What You Need To Know About The Brood X Cicadas

It’s 2004: George W. Bush has been elected for a second term, the final episode of Friends airs on NBC, the Boston Red Sox win the world series for the first time since 1918 and the air is seemingly vibrating with hundreds of thousands of Brood X Cicadas.  That was the last time we saw or heard from these mysterious insects…until now.  The Washington DC area will again be buzzing with hundreds of thousands Brood X Cicadas in May through early July.  Here are some fun facts about our red eyed, black bodied, vocal friends:

  • They have been living underground for the last 17 years living approximately one to two feet underground
  • There are an estimated 3,000 species of cicadas around the world, but the 17-year Brood X Cicadas of the eastern U.S. appear to be unique in combining long juvenile development times with synchronized, mass adult emergences.
  • They emerge from their subterranean hide out when the soil temperature is between 64-65 degrees and the outside conditions are sunny and beautiful.
  • Where does that signature sound come from? Primarily created by the males by flexing their tymbals, which are drum-like organs found in their abdomens.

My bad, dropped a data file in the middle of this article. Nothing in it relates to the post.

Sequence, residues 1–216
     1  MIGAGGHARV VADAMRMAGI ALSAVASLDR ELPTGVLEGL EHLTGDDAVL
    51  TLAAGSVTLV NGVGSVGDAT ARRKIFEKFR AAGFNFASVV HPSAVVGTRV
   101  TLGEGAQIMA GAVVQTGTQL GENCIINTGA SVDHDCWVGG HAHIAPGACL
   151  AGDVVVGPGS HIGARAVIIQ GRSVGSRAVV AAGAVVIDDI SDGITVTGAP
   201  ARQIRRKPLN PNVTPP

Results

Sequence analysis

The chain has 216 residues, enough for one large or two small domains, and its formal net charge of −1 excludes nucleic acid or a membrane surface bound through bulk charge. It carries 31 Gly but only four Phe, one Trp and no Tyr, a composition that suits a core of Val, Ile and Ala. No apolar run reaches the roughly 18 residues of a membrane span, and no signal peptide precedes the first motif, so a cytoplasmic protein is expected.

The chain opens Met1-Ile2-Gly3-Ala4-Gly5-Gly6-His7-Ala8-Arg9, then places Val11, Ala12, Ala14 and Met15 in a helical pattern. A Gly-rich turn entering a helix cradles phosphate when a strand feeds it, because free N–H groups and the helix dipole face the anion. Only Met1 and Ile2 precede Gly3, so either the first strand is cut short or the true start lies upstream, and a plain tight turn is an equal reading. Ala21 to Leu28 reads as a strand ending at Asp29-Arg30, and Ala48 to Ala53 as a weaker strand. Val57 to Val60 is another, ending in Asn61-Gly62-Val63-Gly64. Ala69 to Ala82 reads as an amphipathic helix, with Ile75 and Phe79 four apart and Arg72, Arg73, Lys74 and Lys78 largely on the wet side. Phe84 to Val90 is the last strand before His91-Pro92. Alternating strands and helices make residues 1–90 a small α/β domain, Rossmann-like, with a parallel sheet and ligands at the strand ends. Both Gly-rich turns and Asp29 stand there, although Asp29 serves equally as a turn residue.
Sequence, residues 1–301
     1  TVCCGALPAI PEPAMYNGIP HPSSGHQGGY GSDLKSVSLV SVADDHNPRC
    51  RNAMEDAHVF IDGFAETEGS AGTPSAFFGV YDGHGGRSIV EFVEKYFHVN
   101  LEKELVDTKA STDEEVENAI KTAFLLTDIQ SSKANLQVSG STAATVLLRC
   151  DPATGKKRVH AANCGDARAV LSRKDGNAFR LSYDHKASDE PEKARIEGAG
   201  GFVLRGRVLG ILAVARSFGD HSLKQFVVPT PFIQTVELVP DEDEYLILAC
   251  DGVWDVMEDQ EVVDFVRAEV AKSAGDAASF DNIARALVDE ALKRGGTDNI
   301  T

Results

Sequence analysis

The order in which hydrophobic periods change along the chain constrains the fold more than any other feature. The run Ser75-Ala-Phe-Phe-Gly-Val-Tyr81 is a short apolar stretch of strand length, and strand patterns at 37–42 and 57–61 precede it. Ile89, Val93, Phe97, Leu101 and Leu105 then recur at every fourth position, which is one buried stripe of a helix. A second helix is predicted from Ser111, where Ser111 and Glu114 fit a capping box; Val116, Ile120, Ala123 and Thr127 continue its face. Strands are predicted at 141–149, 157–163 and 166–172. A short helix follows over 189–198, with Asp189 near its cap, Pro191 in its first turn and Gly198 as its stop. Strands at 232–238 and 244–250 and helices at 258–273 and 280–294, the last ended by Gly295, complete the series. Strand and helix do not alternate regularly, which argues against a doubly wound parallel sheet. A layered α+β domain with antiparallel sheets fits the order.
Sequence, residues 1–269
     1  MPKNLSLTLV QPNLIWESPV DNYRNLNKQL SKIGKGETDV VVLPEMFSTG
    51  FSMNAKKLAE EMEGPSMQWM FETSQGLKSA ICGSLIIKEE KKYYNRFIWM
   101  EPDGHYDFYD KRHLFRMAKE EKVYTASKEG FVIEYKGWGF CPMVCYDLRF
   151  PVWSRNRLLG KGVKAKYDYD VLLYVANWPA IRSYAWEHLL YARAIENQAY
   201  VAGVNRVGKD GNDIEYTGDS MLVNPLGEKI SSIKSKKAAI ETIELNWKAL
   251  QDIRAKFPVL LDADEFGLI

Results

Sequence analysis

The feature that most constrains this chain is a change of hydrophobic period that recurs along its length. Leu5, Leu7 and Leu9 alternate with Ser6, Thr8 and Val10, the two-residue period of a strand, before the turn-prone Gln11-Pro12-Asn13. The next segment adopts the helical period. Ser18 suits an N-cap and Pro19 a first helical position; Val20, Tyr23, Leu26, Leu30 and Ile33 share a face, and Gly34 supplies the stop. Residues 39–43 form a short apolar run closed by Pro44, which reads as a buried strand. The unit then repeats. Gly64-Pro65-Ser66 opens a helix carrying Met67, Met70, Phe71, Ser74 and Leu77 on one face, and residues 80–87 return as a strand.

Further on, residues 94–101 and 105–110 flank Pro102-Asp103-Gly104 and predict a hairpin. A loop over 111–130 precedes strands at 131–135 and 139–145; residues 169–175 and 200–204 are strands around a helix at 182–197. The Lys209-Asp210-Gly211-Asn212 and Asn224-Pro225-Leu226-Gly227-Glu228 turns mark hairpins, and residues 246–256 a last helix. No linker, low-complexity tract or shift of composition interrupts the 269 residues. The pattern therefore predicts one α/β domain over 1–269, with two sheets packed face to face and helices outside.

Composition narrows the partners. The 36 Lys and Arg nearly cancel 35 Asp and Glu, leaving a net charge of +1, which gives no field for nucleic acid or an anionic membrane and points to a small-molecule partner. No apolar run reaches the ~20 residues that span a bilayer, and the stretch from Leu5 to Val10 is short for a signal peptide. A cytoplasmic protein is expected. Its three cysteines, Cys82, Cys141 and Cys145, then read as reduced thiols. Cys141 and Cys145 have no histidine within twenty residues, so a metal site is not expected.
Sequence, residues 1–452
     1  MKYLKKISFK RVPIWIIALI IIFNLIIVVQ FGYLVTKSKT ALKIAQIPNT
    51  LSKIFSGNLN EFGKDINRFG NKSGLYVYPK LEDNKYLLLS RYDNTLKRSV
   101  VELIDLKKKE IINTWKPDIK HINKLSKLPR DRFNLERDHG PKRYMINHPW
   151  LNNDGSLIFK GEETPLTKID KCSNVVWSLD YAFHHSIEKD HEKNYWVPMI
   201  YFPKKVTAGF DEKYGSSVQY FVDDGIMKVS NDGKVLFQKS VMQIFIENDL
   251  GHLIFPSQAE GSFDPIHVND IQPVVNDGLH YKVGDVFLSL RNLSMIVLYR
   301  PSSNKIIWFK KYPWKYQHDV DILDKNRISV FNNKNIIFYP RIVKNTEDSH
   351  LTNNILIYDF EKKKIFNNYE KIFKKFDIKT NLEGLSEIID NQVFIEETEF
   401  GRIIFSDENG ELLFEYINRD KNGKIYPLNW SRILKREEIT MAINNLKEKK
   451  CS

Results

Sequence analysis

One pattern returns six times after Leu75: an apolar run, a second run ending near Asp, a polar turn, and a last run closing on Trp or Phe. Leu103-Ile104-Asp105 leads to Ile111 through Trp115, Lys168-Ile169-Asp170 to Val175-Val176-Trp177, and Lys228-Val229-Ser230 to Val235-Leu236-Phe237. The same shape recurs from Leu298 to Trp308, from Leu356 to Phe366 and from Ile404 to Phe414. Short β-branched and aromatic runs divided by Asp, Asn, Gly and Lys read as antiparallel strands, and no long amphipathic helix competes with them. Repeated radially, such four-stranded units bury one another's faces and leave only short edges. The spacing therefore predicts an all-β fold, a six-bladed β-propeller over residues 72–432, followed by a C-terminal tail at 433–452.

• Young cicadas actually begin their life in a tree limb. Mama cicada will cut grooves into the limb to expose tree fluids that the young cicada will feed on.  These grooves can kill small branches. When the branches die and the leaves turn brown, it is called flagging.
  • Cicadas are active underground, tunneling, and feeding, and not sleeping or hibernating as commonly thought.
  • During their underground life, they primarily feed upon the sap excreted from tree roots. You would think this would damage the tree, but instead they aerate the soil and bring important nutrients and nitrogen to the surface actually benefitting the tree.
  • After 17 years, Brood X cicadas emerge from the ground as nymphs. Nymphs climb the nearest available vertical surface (usually a plant) and begin to shed their nymph exoskeleton. Free of their old skin, their wings will inflate with fluid and their adult skin will harden. Once their new wings and body are ready, they can begin their brief adult life.

What can you do to protect your trees from the female cicadas?  Typically the cicadas won’t fatally damage healthy trees, but applying bio-stimulants, essentially vitamins for your tree, will strengthen the internal structure to survive the invasion.  After the cicadas have made their mark, be sure to prune and remove any dead branches that may become a fall risk.

Our ISA Certified Arborists at Titan Tree Care can properly prescribe any bio-stimulants necessary to keep your trees full of life this summer.  If the Cicadas do get the best of a few limbs, we also practice proper pruning techniques to ensure the life of your tree and keep your property safe.

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